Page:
Data-centers: electricity use and demand shifting?

This data-file estimates data-centers’ electricity use and ability to demand shift. Large data centers how power demand in the range of 50-500MW. Around 40% of their electrical loads can demand shift, to help smooth out the volatility of renewables?

Data servers store information and execute code to provide specific information in response to incoming requests. They are ‘always on’ and ready to fulfil these requests.

Data servers tend to be housed in large, dedicated facilities called data-centers, which are power-controlled, and supplied with high-grade power electronics.

Hyperscale data centers tend to have >5000 servers, >50MW power demand and >10,000 square feet areas. There might be around 600 globally, out of 6,000 total data-centers globally, as of 2021.

Powering the internet consumed 800 TWH of electricity in 2022, as 5bn users generated 4.7 Zettabytes of traffic. Of that total energy consumption, around one-third is from data-centers, as covered in our note here.

Specifically, our best estimate for 2022 is that a typical data-center is consuming around 80Wh of electricity per GB of data (data here, and more in the note here).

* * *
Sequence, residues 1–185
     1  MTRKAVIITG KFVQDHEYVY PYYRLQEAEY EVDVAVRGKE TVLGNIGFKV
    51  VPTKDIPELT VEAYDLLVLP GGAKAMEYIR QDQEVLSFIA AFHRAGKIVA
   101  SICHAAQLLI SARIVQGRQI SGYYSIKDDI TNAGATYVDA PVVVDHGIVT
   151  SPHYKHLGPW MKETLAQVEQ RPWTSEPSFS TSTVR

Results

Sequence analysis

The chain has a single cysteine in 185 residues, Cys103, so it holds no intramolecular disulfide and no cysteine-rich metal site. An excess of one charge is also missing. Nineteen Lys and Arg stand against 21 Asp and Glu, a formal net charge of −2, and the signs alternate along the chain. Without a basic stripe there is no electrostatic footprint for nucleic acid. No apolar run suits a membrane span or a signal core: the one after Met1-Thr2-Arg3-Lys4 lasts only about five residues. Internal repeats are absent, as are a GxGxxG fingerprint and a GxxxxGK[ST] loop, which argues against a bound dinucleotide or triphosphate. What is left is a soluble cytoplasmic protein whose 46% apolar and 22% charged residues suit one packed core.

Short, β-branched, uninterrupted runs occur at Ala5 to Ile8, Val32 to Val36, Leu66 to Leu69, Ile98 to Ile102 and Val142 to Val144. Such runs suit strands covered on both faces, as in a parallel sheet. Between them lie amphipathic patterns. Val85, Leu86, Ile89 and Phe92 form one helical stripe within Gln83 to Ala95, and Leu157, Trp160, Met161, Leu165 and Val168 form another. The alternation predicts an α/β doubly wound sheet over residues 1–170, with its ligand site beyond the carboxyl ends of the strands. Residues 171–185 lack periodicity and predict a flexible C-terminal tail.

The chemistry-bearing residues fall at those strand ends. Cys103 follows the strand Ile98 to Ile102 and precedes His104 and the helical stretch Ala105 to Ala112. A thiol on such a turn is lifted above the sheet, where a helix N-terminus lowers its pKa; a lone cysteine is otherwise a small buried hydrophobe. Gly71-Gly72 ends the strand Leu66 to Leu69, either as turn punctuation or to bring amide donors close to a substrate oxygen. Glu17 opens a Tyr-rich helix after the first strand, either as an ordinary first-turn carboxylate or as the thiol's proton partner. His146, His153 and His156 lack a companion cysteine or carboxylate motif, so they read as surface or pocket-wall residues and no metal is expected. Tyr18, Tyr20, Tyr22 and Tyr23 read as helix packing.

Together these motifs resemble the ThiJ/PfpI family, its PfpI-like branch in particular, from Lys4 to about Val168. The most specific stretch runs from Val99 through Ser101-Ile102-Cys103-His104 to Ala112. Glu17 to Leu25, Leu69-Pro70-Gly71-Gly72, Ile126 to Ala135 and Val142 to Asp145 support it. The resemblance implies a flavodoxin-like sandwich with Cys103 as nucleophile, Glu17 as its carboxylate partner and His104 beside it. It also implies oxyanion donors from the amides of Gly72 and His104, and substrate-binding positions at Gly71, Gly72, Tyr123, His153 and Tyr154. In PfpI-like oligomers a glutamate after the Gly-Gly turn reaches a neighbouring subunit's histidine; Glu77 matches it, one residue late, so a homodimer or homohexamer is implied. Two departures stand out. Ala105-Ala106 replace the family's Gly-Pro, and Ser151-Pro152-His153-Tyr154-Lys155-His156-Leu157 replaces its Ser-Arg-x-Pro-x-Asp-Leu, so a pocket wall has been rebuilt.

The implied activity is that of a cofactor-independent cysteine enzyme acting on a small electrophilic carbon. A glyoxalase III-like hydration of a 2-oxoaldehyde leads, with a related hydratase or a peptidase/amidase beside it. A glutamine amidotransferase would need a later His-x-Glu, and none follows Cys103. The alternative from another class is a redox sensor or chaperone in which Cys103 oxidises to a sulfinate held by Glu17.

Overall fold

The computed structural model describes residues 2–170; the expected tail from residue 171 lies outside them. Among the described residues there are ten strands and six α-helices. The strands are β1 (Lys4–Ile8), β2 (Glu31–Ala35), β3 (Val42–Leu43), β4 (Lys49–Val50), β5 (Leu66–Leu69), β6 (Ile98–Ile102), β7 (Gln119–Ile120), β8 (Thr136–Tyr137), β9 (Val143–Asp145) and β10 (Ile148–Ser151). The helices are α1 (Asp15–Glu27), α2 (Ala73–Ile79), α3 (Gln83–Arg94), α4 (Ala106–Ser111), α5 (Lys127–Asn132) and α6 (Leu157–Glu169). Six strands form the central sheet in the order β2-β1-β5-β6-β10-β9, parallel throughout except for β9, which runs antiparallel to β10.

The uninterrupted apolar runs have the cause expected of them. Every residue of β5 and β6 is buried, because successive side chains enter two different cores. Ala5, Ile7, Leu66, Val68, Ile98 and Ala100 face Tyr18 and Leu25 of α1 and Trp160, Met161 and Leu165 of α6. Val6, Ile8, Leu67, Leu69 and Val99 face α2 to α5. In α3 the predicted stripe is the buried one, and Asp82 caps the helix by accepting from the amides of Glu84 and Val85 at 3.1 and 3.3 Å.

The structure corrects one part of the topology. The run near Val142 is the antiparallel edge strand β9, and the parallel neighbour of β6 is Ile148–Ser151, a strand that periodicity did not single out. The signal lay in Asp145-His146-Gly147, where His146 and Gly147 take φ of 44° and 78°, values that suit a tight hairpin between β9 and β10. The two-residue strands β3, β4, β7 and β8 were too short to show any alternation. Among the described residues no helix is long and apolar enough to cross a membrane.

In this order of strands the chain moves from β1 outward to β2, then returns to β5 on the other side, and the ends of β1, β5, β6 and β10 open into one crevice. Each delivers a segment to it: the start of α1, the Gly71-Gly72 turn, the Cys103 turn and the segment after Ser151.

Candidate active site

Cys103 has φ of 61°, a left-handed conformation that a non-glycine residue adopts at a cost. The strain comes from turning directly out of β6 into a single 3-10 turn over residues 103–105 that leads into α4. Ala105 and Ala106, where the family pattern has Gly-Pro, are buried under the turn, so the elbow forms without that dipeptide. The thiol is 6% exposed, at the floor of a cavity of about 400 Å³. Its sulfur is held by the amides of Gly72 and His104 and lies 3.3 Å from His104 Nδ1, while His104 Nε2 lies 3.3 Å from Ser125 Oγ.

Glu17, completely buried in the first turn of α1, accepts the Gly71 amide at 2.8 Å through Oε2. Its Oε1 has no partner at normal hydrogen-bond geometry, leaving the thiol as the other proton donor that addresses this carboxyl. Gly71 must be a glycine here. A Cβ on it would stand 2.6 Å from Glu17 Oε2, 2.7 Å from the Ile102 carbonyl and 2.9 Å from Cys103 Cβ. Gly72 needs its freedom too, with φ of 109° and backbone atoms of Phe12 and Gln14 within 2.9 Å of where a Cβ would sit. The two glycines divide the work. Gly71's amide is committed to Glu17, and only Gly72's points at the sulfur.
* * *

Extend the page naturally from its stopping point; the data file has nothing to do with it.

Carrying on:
Data centers also matter increasingly, to supply data and perform processing for the rise of AI, which will consume another 500 TWH of electricity by 2030, but likely also unlock 10x more energy savings too (note here).

About half of all internet data consumption today is for streaming long-form video content (>5-minutes), with standard definition running to 1 GB/hr (2.2Mbps), high definition running to 3GB/hr (6.67Mbps) and ultra-HD at 7 GB/hr (15.6Mbps).

A hidden opportunity, explored in this data-file is that data-centers can demand shift in order to help smooth the volatility of renewables.

Around 40% of data-center energy demand can likely be demand-shifted, of which two-thirds is temporal (i.e., shifting the timing of non-critical loads, such as backing up data) and one-third is geographical (i.e., routing processing loads to facilities which have more power available to them, at a given point in time).

The opportunity to improve margins of data-centers by demand shifting is covered in our recent research note here.

Demand shifting at data-centers and other digital facilities could ultimately permit another 1-2% potential share for renewables in the grid, without needing to resort to curtailment, or to install expensive batteries or other backup solutions.

This data-file aggregates data from past studies into the demand-shifting potential of data-centers. Studies and their details are in the Excel.

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